Sunday, December 4, 2011

Childers Palace Backpackers Hostel


IMG_5297 - Copy

The Childers Palace Backpackers Hostel fire on 23 June 2000 killed 15 backpackers: nine women and six men. The hostel in the town of Childers, Queensland, was popular amongst backpackers who undertook seasonal fruit picking work in the area.

After the fire, Bill Trevor, the Isis Shire Mayor, travelled to England and the Netherlands to consult the bereaved families about the memorial proposals. He negotiated to rebuild the Palace in its original early-1900s style. 


The building became an art gallery incorporating a memorial to the 15 backpackers, a 7.7-metre-long glass wall which incorporates pictures from photos of each of the backpackers, designed by Queensland artist Sam Di Mauro.  To date, more than one million people have visited the Palace Memorial Building.  (Picture from


File:Childers backpackers painting.jpg

“Taking a Break in the Field” an oil painting on linen.

Artist: Josonia Palaitis; Photographer:  Mary Lewis, mother of Michael Lewis, one of the backpackers (from Wikipedia.)

Sydney artist Josonia Palaitis was selected to paint portraits of those killed.  The artist's greatest challenge was to suitably portray the youngsters from the photos of them provided by their families: she managed to arrange them while maintaining the precise poses of those photos. The background was researched by her to be typical of the Isis area fields where they had worked picking crops.


IMG_5481 - Copy - Copy

Behind the building is situated the Palace Motel, which still offers accommodation to backpackers.  When we visited, this unusual Cassia Rainbow Shower tree (Cassia fistula x javanica) was flowering in the courtyard.

Saturday, November 5, 2011

Dandenong Ranges, October 2011.


As part of our “girls’ weekend” in Melbourne, Judy and I headed out to the Yarra Valley, via the Dandenongs, about 35km east of Melbourne. 



We drove up into the hills along a road lined with overflowing banks of delicate white flowers, passing energetic cyclists, some fitter than others.



Sassafras is a pretty, touristy town on the range, where Judy did lots of shopping, and I took lots of pictures.

One of the shops displayed the dolls’ house, c 1910, of Dame Zara Bates, wife of the Australian Prime Minister Harold Holt, who disappeared in 1967 while swimming off the beach near Portsea, east of Melbourne.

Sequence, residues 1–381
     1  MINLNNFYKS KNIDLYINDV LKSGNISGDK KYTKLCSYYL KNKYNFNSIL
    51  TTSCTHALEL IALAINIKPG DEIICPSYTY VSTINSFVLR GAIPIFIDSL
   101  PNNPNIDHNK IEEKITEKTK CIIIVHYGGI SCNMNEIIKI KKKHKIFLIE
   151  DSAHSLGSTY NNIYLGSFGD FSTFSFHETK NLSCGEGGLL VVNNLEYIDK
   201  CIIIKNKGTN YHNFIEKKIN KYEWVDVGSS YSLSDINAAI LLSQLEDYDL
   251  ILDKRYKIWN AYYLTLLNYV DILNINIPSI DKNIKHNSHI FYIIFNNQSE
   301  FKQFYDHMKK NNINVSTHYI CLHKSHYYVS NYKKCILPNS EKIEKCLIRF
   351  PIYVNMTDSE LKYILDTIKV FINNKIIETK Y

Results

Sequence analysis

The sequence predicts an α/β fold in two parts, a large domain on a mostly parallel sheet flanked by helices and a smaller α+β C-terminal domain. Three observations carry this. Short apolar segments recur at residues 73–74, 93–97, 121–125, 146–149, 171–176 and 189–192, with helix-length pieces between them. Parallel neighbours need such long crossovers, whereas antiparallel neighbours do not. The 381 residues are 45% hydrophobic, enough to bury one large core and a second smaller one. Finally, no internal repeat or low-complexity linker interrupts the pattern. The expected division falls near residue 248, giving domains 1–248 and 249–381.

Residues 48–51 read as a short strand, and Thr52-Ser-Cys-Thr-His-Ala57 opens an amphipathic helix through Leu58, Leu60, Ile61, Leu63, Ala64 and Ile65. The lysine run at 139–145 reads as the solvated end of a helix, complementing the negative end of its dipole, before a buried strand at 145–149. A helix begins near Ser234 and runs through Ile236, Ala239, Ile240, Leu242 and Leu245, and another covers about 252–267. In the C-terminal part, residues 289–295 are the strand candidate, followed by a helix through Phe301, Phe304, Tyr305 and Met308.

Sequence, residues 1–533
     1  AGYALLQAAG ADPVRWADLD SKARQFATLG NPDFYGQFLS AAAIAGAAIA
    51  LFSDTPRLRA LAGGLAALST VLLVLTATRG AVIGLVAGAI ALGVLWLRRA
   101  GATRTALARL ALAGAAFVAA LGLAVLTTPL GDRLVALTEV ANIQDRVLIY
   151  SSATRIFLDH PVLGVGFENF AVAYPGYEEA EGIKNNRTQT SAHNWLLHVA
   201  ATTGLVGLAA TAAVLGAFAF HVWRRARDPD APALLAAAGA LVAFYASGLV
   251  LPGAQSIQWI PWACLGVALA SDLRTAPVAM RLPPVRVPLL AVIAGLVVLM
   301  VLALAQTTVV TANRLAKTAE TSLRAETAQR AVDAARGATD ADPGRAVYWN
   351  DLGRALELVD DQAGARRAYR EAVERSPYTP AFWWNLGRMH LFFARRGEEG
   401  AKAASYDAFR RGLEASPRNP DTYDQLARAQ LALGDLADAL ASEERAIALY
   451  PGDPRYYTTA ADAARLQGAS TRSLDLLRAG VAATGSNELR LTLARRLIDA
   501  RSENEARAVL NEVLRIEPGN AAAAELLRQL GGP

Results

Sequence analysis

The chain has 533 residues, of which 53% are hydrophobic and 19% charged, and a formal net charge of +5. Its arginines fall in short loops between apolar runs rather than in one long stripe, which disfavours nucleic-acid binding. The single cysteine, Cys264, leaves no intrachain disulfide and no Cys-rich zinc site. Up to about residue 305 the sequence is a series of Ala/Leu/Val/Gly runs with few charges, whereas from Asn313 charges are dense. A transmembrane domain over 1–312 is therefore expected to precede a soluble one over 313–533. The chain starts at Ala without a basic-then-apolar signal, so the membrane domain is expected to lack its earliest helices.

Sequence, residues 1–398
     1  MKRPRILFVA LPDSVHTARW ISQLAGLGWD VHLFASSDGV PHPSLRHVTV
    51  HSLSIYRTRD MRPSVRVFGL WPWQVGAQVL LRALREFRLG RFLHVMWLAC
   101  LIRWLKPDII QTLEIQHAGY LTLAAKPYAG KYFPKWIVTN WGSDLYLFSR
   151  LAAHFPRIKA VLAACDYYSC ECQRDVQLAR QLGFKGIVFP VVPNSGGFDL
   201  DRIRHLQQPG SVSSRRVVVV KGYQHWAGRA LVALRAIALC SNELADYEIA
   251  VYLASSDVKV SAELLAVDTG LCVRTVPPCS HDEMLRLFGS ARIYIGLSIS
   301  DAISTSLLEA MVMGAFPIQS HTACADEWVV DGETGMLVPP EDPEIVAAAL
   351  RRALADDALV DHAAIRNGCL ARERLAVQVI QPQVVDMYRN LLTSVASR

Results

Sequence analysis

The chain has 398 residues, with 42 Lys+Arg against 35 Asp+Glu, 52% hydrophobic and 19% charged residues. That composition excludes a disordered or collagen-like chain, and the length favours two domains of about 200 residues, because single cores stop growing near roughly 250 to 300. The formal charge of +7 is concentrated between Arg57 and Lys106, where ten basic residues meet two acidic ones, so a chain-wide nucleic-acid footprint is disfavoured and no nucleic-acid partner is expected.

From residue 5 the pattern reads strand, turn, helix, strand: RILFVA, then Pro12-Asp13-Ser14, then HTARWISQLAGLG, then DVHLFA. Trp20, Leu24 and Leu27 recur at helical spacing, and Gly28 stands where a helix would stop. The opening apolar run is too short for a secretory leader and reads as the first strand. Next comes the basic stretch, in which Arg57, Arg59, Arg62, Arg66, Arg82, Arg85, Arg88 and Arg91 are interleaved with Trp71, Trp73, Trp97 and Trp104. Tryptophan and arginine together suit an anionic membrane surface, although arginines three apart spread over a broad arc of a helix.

Sassafras flower-studded Village Green.


IMG_3813 - Copy

Pansies did well in Sassafras.


IMG_3826 - Copy

The Dandenong Ranges have been popular with day trippers from Melbourne from the 1870s onwards.


IMG_3824 - Copy

The caption under this picture from a Lands Department tourist brochure of 1917 reads:

“along its course enormous trees spring from groves of Sassafras, hazel and fern; while a crystal stream flowing down the glen o’erhung with ferns and native shrub conveys the sensation of delicious coolness even on the hottest day…”


IMG_3829 - Copy

Miss Marples’ Tea Room, Maree told us, is the kind of place where you take your mother.  Miss Marples’ owner must hold considerable sway with the local council, as the establishment was the only shop in the upmarket parking-at-a-premium village with a “no parking” zone in front of it, which is good for the patrons at the tables on the footpath, and also allows the building to be photographed more easily.



Sassafras daisies.



Sassafras colour.



More Sassafras colour.



Blue delphiniums. 

I grew up loving this A.A.Milne poem, The Dormouse and the Doctor which begins this way:

There once was a Dormouse who lived in a bed
Of delphiniums (blue) and geraniums (red),
And all the day long he'd a wonderful view
Of geraniums (red) and delphiniums (blue).

Living in North Queensland, I knew about geraniums (red) but always – like the dormouse, when his geraniums and delphiniums were replaced, at the doctor’s orders, by chrysanthemums (yellow and white) - had to imagine delphiniums (blue).  Until now.

Monday, October 24, 2011

The Queen Comes to Queensland

The Queen and Duke of Edinburgh came to Brisbane today, so Bob and I went to see them. 
Because of their ages, our ages and the frequency with which each of us visits the other’s country, we thought this could be our last chance.

IMG_3989 - Copy
Hopeful spectators lined the Victoria Bridge.

Not being amongst those people who arrived hours early to stake themselves a spot, we parked ourselves on the river bank, rather precariously, with our legs dangling down on the rocks.  We were some distance from where the Queen’s boat would arrive, but still closer than these people on the bridge.

Meanwhile, these people had secured themselves a vantage spot on a balcony on this building on the opposite side of the river.

The Queen and Prince Philip were taken on a cruise from Brett’s Wharf up the Brisbane River to Southbank, to see some areas which had been inundated by the January floods.
We thought she would be on this spick and span ferry flying  the red ensign – but we were wrong.

Police boats whizzed around officiously.

IMG_3998 - Copy